These two little words slip out of my mouth quite often I have noticed. Regardless of whether I actually mean them or not. I need to be better about distinguishing when I actually mean, “hey that’s ok, don’t worry about it,” or when I really have been hurt and need to address the issue.
Oatmeal is my comfort food. It reminds me of my grandma. She likes to make sure everyone is fed and full. If she offers you something to eat, you say yes. The first time. Its as simple as that. Either way, you will end up giving in, because she does not stop asking until you finally eat. Growing up, oatmeal was a bedtime snack. It was warm and toasty, and perfect way to end the day.
My favorite vacation of all time! The summer before my senior year of college my dad surprised my whole family with a trip. I was extremely excited after seeing pictures of the beautiful place, but I was also nervous because it was the first time I had ever gotten on a plane. After the short flight from Austin to Dallas, and several tears and panic attacks during that 45 minute ride, I was able to calm down and enjoy our trip.
To be continued….
at 4:14 PM
Saturday, January 2, 2016
I am a recovering second-guesser. I struggle with questioning almost every decision I make: What if I had ordered the fajitas instead of the mole? Should I have bought the higher end toaster oven? What if I had become a teacher from the beginning instead of studying something else first? What if we had stayed in Venezuela or moved to another country instead of moving back to the States? What if I had not left the classroom to become an instructional coach? What if I had done things differently as a parent, as a wife, as a daughter? etc. etc. etc. This kind of thinking not only leads to a lot of personal anxiety, it also drives the people around you crazy. It makes them feel as if they are the mistakes you made; what you settled for instead of what you have gained. Worse of all, it stops you from being present and committed to what you actually did choose to do. One of the perks of reaching middle age is that you begin to let go of some of these destructive patterns of thought. We don’t have to wait for old age to rehabilitate, however. So here are some thoughts that have helped me battle doubt and indecision:
I had a boss back in my chemical plant days who used to tell me: You make the best decision you can with the information you have at the time. I now would add to that: You make the best decision you can, with the information and the spiritual maturity you have at the time. John Dewey says: “We do not learn from experience... we learn from reflecting on experience.” So the better question to ask is: What did I learn from making this choice? And not: What if I had done things differently? The first offers the possibility of doing things better the next time, moving forward. The second just takes me on a trip to the land of fantasy.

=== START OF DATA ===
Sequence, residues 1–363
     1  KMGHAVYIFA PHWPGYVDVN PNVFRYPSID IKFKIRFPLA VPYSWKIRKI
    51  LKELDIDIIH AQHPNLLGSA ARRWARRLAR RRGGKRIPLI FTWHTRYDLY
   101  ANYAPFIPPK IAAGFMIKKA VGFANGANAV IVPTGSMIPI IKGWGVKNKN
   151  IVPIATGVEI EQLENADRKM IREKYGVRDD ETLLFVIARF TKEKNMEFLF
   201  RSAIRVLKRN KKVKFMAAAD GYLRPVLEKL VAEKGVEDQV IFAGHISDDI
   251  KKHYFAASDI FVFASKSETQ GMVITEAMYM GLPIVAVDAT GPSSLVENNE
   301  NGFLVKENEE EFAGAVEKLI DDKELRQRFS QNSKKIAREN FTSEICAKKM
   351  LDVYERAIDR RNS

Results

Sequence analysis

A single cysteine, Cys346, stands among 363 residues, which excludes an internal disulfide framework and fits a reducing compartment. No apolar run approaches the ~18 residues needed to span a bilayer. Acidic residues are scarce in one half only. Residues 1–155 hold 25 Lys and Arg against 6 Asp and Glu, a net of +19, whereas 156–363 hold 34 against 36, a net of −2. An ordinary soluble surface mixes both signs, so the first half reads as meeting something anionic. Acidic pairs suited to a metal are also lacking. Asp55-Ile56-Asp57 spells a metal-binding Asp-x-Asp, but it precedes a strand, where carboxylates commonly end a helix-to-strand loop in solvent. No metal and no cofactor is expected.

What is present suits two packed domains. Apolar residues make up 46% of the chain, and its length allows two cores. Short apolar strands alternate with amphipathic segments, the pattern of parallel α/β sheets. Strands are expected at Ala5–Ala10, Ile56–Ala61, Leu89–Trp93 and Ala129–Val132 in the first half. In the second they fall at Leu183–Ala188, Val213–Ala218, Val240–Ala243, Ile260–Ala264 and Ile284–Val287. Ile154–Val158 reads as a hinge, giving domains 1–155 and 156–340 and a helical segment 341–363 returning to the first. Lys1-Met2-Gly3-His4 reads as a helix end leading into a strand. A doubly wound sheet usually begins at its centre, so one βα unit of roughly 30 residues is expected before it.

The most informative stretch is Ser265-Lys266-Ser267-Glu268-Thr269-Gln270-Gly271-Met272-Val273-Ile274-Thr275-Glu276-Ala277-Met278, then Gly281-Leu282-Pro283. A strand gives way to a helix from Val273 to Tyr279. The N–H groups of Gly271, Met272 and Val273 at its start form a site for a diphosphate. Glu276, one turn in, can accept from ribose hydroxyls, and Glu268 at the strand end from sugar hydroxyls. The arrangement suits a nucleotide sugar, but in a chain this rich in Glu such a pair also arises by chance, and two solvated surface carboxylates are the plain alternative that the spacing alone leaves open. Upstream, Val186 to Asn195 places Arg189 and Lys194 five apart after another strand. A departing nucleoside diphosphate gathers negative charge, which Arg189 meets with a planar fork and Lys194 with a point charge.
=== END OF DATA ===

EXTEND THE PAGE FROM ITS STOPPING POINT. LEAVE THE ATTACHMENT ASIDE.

There is so much uncertainty in this life. I believe it is actually designed to be that way. How else would we learn to be detached, to rely on God and to let go? Even if we are very careful and mature and collect all the necessary information, we can never be a 100% sure that we made the best decision. So what’s the point? I think what matters is how we live through our choices and not so much what choices we made. Do I take responsibility for this choice or do I blame others? Do I continue to treat people around me with love and respect or do I become resentful and take out my disappointment on those closest and dearest to me? Do I do the best I can because pursuing excellence is who I am or do I take the path of mediocrity because this is not what I really wanted to do?
Kicking a bad habit also requires a support system. I have been blessed with a life partner who does not dwell on the past and does not indulge me either. Reminding people how they could have done things differently and more perfectly just adds salt to the wound and encourages the second-guessing. It paralyzes the most vulnerable ones from making any decisions at all. When we are caught in the cycle of doubt and self-recrimination, the best thing someone can do for us is to point out what we have gained from the experience, what we have that we wouldn’t otherwise. When it’s all said and done, I am pretty sure we will not be judged on the accuracy of our choices but the quality of our characters while living with those choices.
And every day offers a new possibility for doing better, choosing better and being better.